Day 4 – LEJOG 2021 – Glastonbury to Hereford

81 miles and 1,411 metres climbed

So the first thing the window check revealed was a grey overcast and windy day. Disappointing. With the high mileage demands of the next couple of days an early start was in order. (The Premier Inn steer you next door to their affiliate restaurant for breakfast and last night’s dinner wasn’t good enough to make us want to return.) So Peter added some water to our porridge ‘cuppas’.

Adopting the ‘child’s pose’ or facing Mecca?

Soon we were sorted; a photo taken of our fine establishment and at 7.25am we were pedalling away.

The first 5 miles were bliss until we hit the 300m vertical ‘lump’ that was the Old Bristol Road. This was a tough start to the day with the legs screaming but by 9am 15 miles had been covered, we had a reward, and it felt like we were making progress. The countryside was rolling and verdant as we headed downhill off the hills north to the coast and Avonmouth.

Bristol seemed cycle friendly with many paths to assist you more directly and safely through the city. One took us through a park.

Repurposed bridge for cycling

Other Lejoggers had complained of the awfulness of getting through a busy, traffic choked part of Bristol to get to the Severn Bridge. As regards directions then with Sat Nav there were few missteps. It was tortuous with cycle paths swapping sides of the road and not without risk when on the main roads with fast and heavy trucks. The aspect that got to me was the noise of large trucks speeding closely by. It was a cacophony for an hour or so. But we saw some iconic sights.

Clifton Suspension Bridge

Our bridge to cross the Severn was reached and frankly was a little of an anticlimax.

Over the bridge was Wales and after riding for over 5 hours some food was needed. A supermarket had to suffice.

You can see by my clothing that it wasn’t warm (the corned beef roll was though)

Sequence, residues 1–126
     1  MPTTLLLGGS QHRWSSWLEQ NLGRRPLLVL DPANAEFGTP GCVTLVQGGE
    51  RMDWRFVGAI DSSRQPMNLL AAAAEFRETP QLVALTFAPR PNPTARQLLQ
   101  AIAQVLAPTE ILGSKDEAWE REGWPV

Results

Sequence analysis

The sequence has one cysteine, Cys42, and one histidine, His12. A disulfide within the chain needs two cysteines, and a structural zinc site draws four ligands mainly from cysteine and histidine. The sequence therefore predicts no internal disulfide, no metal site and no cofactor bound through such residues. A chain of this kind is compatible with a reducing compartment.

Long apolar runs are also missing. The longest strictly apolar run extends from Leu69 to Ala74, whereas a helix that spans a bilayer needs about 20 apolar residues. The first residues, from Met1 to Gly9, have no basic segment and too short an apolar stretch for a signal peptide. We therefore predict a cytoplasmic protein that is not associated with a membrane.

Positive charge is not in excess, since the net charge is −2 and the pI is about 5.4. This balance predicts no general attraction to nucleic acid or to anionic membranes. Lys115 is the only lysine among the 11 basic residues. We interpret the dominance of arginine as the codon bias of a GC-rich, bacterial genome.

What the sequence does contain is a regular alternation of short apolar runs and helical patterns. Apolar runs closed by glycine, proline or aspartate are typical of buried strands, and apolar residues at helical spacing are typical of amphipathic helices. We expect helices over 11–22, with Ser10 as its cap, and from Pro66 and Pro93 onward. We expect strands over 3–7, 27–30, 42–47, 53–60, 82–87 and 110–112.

The road was still up and down and the legs were terribly sore. The new lower gear helped and, as always, the hills were conquered. One anticipated yet unknown delight was the Wye Valley. Quite exquisite in its French like tranquility and beauty. The road ran beside it and if it did climb it did so gently.

Tintern Abbey

Monmouth was another lively market down bursting with tourists. It looked inviting with lots of character and is definitely worth another visit sans bicyclette. Tony was kept happy with an ice cream cornet.

Behind us is Mr Rolls, of the car brand. Apparently Monmouth was the seat of his ancestral home!

However there was still the grim requirement to get into the hills to bridge the gap to Hereford. To distract me from the legs I put on the headphones and listened to some music. Sadly Robert Palmer and Candi Staton didn’t completely obliterate the sound of Peter continuing to complain about cars going too fast, cars going too close, cars being driven badly, cars etc etc. I thought I could go on and on about things, clearly I need to practice.

Most drivers, in fact the majority, are more cautious around cyclists but it’s a fair point to say that if the mammal in their path was a pedestrian, a horse or any member of their family they’d cut their speed and keep a greater distance. When it comes to cyclists there is a disregard if getting to Tesco’s or to pick up the kids is being delayed by 20 seconds. It is what it is and all over the world the behaviour is the same.

Peter was ahead and got to the B&B first. Access to the property and various instructions, such as how to order breakfast, were delivered by text or email. The owners are ultra cautious/unnecessary about Covid and were not to be seen. Seven hours on a bike and all you want is someone, with a smile, to open the door and show you your room not redirect you to codes and key boxes. We even had to text to get a wi-fi code. Being Friday the choice in Hereford was limited!

We dined on a Chinese all you can eat buffet. We conformed to the protocol of revisiting the selection on multiple occasions. Peter even came away with pockets laden with jelly beans (mostly put there to satisfy the under 10’s with their parents.)

We went out in the dry and it then later rained as if Noah was floating the Ark! To say we got soaked was an understatement. We had a pint of cider (that’ll shock the Favourite Youngest Daughter) at the Golden Fleece on the way back to B&B and discovered, from the publican, why some football clubs have triangular flags on their corner posts and others have rectangular.

Tomorrow is the longest ride so far of 90 plus but should be slightly less climbing. Oh please be true.

1 thought on “Day 4 – LEJOG 2021 – Glastonbury to Hereford

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